If you're going through a bout of depression and are looking for relief, head to Hawaii, New Jersey, Nevada, New York and Georgia, where adult depression rates are at the lowest, currently. In the same vein, you may want to stay away from Oregon, Arkansas, Vermont, West Virginia and Maine, which are seeing the highest rates compared to other states.
If your career is stressing you out, there are states that require fewer work hours all around—head to Utah, Oregon and Rhode Island for a reprieve. And if you think money really is the root of all your problems, look to North Dakota, Colorado, Oregon, Washington and Hawaii since they have the highest income growth.
Happiness is highly subjective, so you'll want to consider your own unique situation to determine what you need in order to keep you feeling fulfilled. Then you can use that as a guide to figuring out where you best belong state-wise!
For more information on the report findings, click here.

Nancy M. Alexander - Stone Harbor and Avalon NJ Real Estate

Saturday, September 7, 2019

Why You Need to Update Your Home Before Listing It

By Anica Oaks
A home purchase is often the biggest investment a person will make in their life. When the time comes to sell your house, you want to get the best price possible. If you explore one of the many real estate sites online, you'll notice that many homeowners make a point of updating their homes before selling.
Here are a few of the many reasons why people modernize their homes before listing them:

New Buyers Don't Want to Immediately Remodel

Major remodels can create a state of chaos in a home that most new homebuyers would rather avoid. Additionally, the costs involved in buying a new home, moving and settling a family into a new space can be significant. They may not be able to do the remodeling projects that are needed for a significant period of time. Buyers will look more favorably upon and be willing to shell out more cash for a home that already has many improvements taken care of.

Strategic Updates Attract More Buyers

Individuals who are considering putting their homes on the market should understand that real estate agents do a great deal of marketing online and through social media. A good visual impression of your home will spark interest in more buyers. An updated kitchen or bathroom, fresh paint throughout the house and new flooring all provide good visual impact that will draw buyers to your listing. Choices for your upgrade should use the most neutral color palettes and most desirable materials, as these will appeal to the greatest number of potential buyers.

Make Your Home More Competitive in the Market

If a homebuyer's choice comes down to one home with desirable features that has not been updated or a home that has been updated but may not be as desirable, buyers are more likely to make an offer on the one that shows signs of TLC and has recently been remodeled. When your home already looks amazing, potential buyers will be able to focus their attention on other aspects of making the home their own.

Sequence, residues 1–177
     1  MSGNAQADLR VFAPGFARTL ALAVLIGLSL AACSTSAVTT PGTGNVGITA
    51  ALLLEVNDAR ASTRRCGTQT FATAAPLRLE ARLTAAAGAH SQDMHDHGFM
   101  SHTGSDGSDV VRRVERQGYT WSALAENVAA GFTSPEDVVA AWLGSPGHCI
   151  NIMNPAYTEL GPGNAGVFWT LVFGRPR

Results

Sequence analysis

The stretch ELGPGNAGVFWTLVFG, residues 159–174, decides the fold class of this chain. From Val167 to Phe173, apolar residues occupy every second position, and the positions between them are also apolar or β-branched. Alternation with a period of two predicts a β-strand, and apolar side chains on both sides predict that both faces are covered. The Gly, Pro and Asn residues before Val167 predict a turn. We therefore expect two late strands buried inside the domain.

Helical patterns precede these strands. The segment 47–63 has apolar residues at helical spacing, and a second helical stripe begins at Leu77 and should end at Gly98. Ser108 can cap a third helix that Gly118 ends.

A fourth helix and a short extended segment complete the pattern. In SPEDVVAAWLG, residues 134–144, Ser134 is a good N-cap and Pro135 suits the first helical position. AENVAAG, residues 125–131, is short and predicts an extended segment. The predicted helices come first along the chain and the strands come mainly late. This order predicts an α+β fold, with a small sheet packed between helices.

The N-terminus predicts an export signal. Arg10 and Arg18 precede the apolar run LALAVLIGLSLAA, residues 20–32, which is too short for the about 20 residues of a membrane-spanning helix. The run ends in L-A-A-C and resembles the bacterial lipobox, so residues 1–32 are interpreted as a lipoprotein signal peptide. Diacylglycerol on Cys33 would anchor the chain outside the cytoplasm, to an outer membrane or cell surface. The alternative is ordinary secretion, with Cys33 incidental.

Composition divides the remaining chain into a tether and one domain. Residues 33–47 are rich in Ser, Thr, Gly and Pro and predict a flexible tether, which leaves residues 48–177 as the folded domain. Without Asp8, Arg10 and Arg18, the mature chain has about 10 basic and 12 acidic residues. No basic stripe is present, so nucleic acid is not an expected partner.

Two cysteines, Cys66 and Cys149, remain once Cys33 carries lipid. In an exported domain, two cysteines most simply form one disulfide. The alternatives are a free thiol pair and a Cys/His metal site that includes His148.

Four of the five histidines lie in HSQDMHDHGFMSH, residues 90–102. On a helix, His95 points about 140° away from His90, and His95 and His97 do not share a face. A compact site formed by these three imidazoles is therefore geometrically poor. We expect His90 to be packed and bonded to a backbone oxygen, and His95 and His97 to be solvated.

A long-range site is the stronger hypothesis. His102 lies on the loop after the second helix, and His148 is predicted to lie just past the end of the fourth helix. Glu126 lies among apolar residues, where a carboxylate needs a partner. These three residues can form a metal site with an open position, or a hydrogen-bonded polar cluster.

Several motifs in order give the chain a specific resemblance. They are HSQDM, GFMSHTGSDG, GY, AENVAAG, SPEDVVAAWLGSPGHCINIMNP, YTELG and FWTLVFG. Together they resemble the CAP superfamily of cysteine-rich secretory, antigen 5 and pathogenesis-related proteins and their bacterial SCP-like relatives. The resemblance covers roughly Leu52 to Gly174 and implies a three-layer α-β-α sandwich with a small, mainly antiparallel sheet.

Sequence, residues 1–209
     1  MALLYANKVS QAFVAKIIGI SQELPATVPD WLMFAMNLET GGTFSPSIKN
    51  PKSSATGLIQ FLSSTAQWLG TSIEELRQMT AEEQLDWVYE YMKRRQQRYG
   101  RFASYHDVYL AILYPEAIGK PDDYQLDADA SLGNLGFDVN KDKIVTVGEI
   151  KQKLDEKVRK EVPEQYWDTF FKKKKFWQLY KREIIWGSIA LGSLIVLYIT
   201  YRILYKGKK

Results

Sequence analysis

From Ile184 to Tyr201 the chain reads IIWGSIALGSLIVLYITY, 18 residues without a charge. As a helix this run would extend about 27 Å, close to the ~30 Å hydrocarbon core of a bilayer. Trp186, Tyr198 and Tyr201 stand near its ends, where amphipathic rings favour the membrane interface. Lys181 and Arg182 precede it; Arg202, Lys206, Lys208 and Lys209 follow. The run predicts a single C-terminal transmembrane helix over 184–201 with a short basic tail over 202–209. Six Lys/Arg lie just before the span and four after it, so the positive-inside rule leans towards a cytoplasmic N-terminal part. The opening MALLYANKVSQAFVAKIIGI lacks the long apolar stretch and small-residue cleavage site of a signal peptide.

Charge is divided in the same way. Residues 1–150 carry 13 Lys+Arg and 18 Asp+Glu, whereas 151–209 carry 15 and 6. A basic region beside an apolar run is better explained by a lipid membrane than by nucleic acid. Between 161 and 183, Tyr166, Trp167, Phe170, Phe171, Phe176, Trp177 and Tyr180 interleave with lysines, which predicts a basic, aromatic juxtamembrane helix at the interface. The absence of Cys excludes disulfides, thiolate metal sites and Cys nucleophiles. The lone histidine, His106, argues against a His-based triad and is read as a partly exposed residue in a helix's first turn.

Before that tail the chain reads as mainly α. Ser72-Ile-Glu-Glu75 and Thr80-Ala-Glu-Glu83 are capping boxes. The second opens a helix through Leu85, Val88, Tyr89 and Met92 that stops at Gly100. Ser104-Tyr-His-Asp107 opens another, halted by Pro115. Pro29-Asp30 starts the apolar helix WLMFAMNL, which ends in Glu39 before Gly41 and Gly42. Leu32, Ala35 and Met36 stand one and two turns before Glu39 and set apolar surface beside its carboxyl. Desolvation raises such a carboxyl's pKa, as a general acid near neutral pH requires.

Most real estate experts will recommend updating your home before putting it on the market, but not to such an extent that you cannot recoup your costs. Some projects, such as kitchen or bathroom remodels, new flooring and exterior maintenance, have a great record of making homes more appealing to buyers, allowing sellers to see a return on their investment.

Nancy M. Alexander - Stone Harbor and Avalon NJ Real Estate

Wednesday, September 4, 2019

Real Estate and Technology: A Matter of Meeting Needs

Commentary by Suzanne De Vita
It's a common problem: Brokerages heavily invest in technology, often to have it seldom utilized, or inadvertently result in "tool fatigue." (It's real!)
Agents are frustrated. Brokers, stumped. If the goal is to keep up with technology, why the abysmal adoption rates?
According to findings from the National Association of REALTORS®, recently released, brokerages commonly emphasize specific tools:
  • CMAs and e-signature solutions (84 percent)
  • Multiple listing service (83 percent)
  • Electronic forms (82 percent)
At the same time, approximately 35 percent of agents are asking their brokers for CRM and/or predictive tools.
What does that tell us? Agents are eager to implement intelligent, synchronized technology, but are caught in a case of mismatched priorities. For them, it's about generating leads and referrals; for brokers, it's about leads, but also managing transactions.
In another interpretation: Agents are focused on nurturing their relationships, and hungry for solutions to support that. (According to NAR, in their day-to-day, 93 percent depend on email, and 95 percent on their smartphone—an indicator of how necessary it is for them to remain in touch.)
In addition, to cultivate their relationships, agents rely on social media, and with good reason. According to the findings from NAR, the highest-quality leads originate on social media, and agents leverage it to "promote business" (26 percent) and "help build/maintain relationships with existing clients." (Facebook is by far the most popular, at 97 percent usage, followed by LinkedIn at 59 percent and Instagram at 39 percent.) Just 13 percent of agents, however, have access to post scheduling tools, which can help with outreach significantly.